Architect Dame Zaha Hadid, the designer of the Aquatics Centre built for the 2012 Olympic and Paralympic Games in London, has died at the age of 65, it has been announced today.
The Iraqi-British Dame Zaha died of a heart attack in a Miami hospital, where she was being treated for bronchitis.
The Aquatics Centre was built at a cost of £269 million ($385 million/€338 million), several million over Hadid's original estimate of £75 million ($107 million/€94 million).
The Centre, with its undulating curves inspired by the smooth flow of moving water, was a showpiece venue of London 2012.
Ahead of the Games "wings" were attached to the sides of the building to help accommodate 17,500 spectators.
They were removed when the Aquatics Centre reopened as a municipal swimming pool in March 2014 and the extra space was no longer needed.
The materials used have been recycled into part of a training centre for teenagers.
"I love the London Aquatics Centre because it's near where I live," Dame Zaha said at the time.
The Royal Institute of British Architects (RIBA) claimed it was the "subsequent clipping of the wings that has allowed the building, architecturally speaking, to fly free".
Jacques Rogge, President of the International Olympic Committee during London 2012, described the Centre as a "masterpiece".
Last year, however, the Japanese Government scrapped plans to build the futuristic-looking Stadium Hadid had designed for the 2020 Olympics and Paralympics following a row over how much it would cost.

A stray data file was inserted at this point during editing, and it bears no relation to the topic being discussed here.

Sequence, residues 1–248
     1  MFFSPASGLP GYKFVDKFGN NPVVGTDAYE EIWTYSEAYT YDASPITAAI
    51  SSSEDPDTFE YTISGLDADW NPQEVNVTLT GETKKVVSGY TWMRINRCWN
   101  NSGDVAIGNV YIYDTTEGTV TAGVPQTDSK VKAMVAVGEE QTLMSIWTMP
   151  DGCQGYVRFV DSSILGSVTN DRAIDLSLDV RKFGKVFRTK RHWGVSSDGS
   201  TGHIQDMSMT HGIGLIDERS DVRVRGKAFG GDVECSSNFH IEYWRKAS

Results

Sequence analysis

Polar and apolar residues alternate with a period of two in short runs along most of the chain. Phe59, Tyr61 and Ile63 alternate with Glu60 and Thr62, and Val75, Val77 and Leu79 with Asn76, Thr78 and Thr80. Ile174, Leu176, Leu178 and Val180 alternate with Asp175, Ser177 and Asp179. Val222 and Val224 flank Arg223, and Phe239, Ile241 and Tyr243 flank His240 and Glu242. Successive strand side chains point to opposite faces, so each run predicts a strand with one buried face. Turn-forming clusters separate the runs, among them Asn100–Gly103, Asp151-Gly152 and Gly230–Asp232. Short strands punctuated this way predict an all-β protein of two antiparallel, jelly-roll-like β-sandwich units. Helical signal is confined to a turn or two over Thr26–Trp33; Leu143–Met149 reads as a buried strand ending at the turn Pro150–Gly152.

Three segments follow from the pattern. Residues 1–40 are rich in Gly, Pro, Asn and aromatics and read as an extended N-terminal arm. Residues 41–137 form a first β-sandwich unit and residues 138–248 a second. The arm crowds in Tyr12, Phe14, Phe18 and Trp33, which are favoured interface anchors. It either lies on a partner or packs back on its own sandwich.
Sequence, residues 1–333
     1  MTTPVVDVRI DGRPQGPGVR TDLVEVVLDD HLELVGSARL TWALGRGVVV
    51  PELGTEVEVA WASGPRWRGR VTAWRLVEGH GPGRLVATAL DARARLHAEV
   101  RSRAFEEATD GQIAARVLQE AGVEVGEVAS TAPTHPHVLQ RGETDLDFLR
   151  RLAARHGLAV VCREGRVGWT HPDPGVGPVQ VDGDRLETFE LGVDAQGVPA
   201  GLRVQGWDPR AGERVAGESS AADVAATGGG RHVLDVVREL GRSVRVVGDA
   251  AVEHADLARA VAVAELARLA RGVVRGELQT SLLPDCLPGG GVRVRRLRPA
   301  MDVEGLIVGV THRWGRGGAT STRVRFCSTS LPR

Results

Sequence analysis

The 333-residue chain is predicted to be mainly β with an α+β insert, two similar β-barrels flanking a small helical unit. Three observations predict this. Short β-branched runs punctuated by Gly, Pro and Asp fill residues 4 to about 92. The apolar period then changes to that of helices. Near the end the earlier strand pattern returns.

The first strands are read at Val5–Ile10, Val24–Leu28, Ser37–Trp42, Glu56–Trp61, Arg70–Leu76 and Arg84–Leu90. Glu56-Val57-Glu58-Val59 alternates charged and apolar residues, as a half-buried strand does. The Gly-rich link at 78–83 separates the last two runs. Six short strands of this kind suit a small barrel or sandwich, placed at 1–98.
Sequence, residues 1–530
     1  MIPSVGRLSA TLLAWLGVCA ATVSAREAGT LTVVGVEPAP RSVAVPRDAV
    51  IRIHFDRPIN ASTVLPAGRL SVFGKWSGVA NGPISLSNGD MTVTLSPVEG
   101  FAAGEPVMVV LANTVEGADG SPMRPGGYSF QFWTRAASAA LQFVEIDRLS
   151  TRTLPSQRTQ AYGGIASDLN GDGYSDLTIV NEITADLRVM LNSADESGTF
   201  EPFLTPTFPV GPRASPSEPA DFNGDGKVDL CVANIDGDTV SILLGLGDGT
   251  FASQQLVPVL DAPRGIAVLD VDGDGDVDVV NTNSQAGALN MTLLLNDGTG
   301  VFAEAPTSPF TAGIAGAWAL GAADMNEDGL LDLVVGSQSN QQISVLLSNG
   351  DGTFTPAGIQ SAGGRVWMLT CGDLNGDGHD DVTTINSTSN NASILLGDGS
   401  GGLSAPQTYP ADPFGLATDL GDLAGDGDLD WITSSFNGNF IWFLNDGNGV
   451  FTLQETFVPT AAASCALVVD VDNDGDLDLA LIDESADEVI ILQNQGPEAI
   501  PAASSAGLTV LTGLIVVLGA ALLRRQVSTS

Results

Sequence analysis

Dame Zaha then accused Kengo Kuma, chosen to design the replacement of "significant similarities" with her work.
Zaha Hadid Architects revealed, however, they had been asked to give up copyright by the Japan Sports Council in return for an overdue final payment.
Dame Zaha has also designed the Al Wakrah, one of the stadiums being built for the 2022 World Cup in Qatar.
Critics have compared the 40,000-seater stadium, which its architects claim is based on the curving lines of an Arab dhow fishing boat, to female genitalia, which Dame Zaha dismissed as "nonsense".
Her other designs included a BMW facility in Leipzig, Germany; sleek funicular railway stations in Innsbruck, Austria; and the strikingly curved Heydar Aliyev Center in Baku in Azerbaijan.
Last year Dame Zaha had become the first woman to receive the Royal Institute of British Architects Gold Medal in recognition of her work.
She twice won the RIBA Stirling Prize, the UK's most prestigious architecture award.
Among those who paid tribute to Dame Zaha was London Mayor Boris Johnson.
"So sad to hear of death of Zaha Hadid, she was an inspiration and her legacy lives on in wonderful buildings in Stratford and around the world," he said.
Johnson was joined by David Goldstone, chief executive of the London Legacy Development Corporation, now responsible for the Aquatics Centre.
“We are saddened to hear about the death of Zaha Hadid," he said.
"The London Aquatics Centre is one of the most iconic buildings in the world and its success as an Olympic venue has been matched by the success it has achieved since the Games.
"It is now used by thousands of people every week and stands proudly at the gateway to Queen Elizabeth Olympic Park, a fitting legacy to one of the UK’s great architects.”